If there were any doubts about the importance of water management in Detroit, they were likely washed away with this past month's rainstorms. As roads, freeways, and basements flooded, raw sewage discharged onto the Lodge. Detroiters saw more than four inches of rain in twenty-four hours when the average rainfall for the entire month of September is 2.44 inches. A historic storm
in 2014 brought even worse damage.
More than likely, these kinds of storms will become the norm. Extreme weather events like this are probably tied to climate change and unlikely to improve anytime soon.
And all of this flooding spells disaster for our local water infrastructure, rivers, lakes, streams, and the Great Lakes.
"It results in a lot of stormwater going into our combined stormwater and sewer systems," Erma Leaphart from the Detroit branch of the Sierra Club explains, "and it overwhelms our treatment facilities. When there's too much volume, some of it has to be released into our waterways. And the problem with it overflowing into the Detroit River or the Rouge River is it's not just stormwater, it's sewage.”
But there's not much homeowners and neighborhoods can do to help the situation. That's why Friends of the Rouge and the Sierra Club started the Rain Gardens to the Rescue
program in 2011. They wanted to give everyone the tools to help address some of these problems at a grass roots level—
Rain garden at Grace Church of Nazarene on Hoover St in Detroit. Photo by Nick Hagen.
Rain gardens are essentially shallow bowls filled with loose soil and planted with native plants that retain the water from downspouts and slowly release it into the surrounding soil.
"They also provide other environmental benefits like habitat creation for insects and butterflies," says Cyndi Ross, who works as a river restoration program manager at Friends of the Rouge, a nonprofit dedicated to restoring the Rouge River.
The primary importance of the rain gardens is their ability to help water infiltrate the soil in a way that reduces the pressure on existing water infrastructure and improves the overall water-holding capacity of soil.
Cyndi Ross at the rain garden at Grace Church of Nazarene on Hoover. Photo by Nick Hagen.
"The native plants have deep root systems," Ross explains. "Many of our native wildflowers grow root structures that are eight to fifteen feet deep—which is deep. And they replace those roots every year, so some die off, and new roots are established. The roots that die off create pore space in the soil for water to go down."
Looking around the Detroit's neighborhoods, one sees plenty of grass in addition to the pavement. But grass growing on compacted soil functions nearly the same as asphalt, doing little to retain or slow rainwater as it moves into sewers.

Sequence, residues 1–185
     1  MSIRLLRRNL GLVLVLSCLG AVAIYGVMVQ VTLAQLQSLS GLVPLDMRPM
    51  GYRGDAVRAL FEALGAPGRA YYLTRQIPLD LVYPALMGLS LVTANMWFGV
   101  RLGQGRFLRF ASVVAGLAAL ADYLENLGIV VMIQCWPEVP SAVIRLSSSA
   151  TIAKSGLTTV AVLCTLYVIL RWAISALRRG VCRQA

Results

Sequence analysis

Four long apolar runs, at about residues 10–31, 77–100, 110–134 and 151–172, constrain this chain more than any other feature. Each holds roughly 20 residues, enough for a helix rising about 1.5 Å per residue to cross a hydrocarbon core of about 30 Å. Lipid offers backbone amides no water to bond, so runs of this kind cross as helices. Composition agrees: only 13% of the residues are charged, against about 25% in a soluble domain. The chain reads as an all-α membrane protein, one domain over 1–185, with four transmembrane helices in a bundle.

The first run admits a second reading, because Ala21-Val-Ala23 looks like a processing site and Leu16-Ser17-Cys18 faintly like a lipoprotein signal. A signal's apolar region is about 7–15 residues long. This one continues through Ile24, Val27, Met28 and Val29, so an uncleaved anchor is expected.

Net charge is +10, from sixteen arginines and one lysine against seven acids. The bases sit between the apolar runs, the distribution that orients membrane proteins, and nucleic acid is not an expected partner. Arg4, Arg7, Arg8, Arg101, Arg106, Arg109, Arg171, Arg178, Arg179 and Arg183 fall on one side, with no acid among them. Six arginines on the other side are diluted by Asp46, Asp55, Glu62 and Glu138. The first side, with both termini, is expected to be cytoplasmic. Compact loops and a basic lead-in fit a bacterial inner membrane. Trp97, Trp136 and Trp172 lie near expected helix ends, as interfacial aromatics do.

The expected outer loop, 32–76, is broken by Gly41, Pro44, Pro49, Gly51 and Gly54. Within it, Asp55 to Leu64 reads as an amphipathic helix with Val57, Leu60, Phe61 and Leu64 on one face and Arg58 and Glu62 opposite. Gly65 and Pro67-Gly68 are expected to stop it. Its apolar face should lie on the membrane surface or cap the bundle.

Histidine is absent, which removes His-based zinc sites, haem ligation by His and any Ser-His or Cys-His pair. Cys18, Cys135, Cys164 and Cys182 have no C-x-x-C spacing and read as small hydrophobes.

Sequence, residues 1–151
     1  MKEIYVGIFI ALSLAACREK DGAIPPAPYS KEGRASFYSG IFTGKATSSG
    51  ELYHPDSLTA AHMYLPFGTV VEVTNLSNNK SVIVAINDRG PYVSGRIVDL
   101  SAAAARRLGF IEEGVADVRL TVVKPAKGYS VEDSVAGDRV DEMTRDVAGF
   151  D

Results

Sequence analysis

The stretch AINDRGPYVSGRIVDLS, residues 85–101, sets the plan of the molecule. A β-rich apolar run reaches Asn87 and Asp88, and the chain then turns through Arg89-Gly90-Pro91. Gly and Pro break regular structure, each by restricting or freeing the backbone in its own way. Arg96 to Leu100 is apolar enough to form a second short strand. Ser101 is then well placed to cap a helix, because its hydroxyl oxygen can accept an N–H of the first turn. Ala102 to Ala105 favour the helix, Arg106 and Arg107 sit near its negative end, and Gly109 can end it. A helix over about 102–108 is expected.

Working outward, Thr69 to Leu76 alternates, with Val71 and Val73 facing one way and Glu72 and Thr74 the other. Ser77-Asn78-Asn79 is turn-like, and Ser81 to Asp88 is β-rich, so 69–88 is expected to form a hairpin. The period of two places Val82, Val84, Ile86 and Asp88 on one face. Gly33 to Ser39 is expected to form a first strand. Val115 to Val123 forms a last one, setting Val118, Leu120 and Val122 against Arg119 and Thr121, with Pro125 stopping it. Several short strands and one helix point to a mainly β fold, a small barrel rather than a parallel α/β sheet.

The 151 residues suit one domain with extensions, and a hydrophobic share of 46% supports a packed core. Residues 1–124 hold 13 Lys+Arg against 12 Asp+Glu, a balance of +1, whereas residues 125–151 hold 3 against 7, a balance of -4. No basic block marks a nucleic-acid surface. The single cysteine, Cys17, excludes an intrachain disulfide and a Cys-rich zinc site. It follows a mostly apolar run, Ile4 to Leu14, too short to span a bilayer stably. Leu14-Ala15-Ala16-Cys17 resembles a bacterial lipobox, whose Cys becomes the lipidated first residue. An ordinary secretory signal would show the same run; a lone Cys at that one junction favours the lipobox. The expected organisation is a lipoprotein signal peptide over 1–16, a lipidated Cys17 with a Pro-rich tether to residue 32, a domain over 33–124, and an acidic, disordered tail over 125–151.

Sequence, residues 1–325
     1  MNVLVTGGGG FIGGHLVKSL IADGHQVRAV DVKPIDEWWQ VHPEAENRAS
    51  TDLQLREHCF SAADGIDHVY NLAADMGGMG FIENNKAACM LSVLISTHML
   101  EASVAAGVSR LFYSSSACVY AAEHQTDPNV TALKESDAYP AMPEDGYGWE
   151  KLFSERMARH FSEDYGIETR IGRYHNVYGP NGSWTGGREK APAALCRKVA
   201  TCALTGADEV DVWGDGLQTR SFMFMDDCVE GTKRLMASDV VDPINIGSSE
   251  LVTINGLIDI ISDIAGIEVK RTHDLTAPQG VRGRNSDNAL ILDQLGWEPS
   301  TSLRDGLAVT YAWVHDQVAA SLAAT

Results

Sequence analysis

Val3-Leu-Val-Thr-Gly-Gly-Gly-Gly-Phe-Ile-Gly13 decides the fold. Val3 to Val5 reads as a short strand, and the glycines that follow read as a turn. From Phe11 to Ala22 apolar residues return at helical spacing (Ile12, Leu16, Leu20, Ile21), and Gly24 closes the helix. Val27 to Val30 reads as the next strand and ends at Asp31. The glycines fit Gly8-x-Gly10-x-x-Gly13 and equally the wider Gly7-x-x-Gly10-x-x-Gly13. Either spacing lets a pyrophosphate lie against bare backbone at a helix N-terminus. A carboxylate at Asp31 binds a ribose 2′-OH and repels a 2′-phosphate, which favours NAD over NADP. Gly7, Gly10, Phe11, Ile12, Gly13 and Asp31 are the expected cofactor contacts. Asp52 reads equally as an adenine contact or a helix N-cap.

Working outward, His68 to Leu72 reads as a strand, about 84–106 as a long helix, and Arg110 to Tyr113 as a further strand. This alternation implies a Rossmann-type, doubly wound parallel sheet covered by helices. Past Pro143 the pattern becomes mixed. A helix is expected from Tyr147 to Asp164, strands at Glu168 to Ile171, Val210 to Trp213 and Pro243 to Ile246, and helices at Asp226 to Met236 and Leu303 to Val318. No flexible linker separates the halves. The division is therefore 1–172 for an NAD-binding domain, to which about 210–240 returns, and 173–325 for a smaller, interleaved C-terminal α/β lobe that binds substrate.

Since 2012, the Friends of the Rouge
along with their partners at the Sierra Club
and Keep Growing Detroit
have helped build dozens of rain gardens in the city, using a unique pay-it-forward program. Residents and community groups receive grants to pay for the plants and materials to install the rain gardens, but are required to attend a series of classes and help at least two other rain garden recipients establish their gardens.
"I open my blinds in the morning and see my beautiful garden; enjoy watching the butterflies, birds and squirrels play," rain garden grant recipient and Grandmont Rosedale resident Deborah LaViolette says. She also uses the garden as an outreach tool to talk about the issues and educate others in her neighborhood.
Grandmont Rosedale resident Deborah LaViolette and her rain garden. Photo by Nick Hagen.
"My neighbor thought I was growing weeds and wanted to cut down my plants," she laughs. "I explained to her the purpose for the types of plants and flowers planted in my garden. She now appreciates and enjoys looking at my garden. Neighbors stop and ask about it."
The program receives native plants from Keep Growing Detroit and purchases its materials from local businesses to increase the economic impact of the program and show that green infrastructure can help build wealth in a community as well as beauty.
A new drainage fee on Detroit water bills
is likely to further increase interest in the program, as credits for rain gardens and other green infrastructure on residential property are expected to qualify ratepayers for bill credits. By installing rain gardens, residents will not only save money on their water bills, they'll be doing their part to help preserve our water infrastructure.
So far, Rain Gardens to the Rescue has mostly installed gardens in a few relatively concentrated areas across the city, hoping to bring neighbors together and build interest.
"We're bringing like-minded people together who live in close proximity, but don't know each other," Ross says. "There's power in that because they're talking about other things they can do to improve the city."
This story is part of a series on measuring on the role of green infrastructure projects in Detroit's redevelopment. Support for this series is provided by the Erb Family Foundation. Read more articles from the series here.
All photos by Nick Hagen.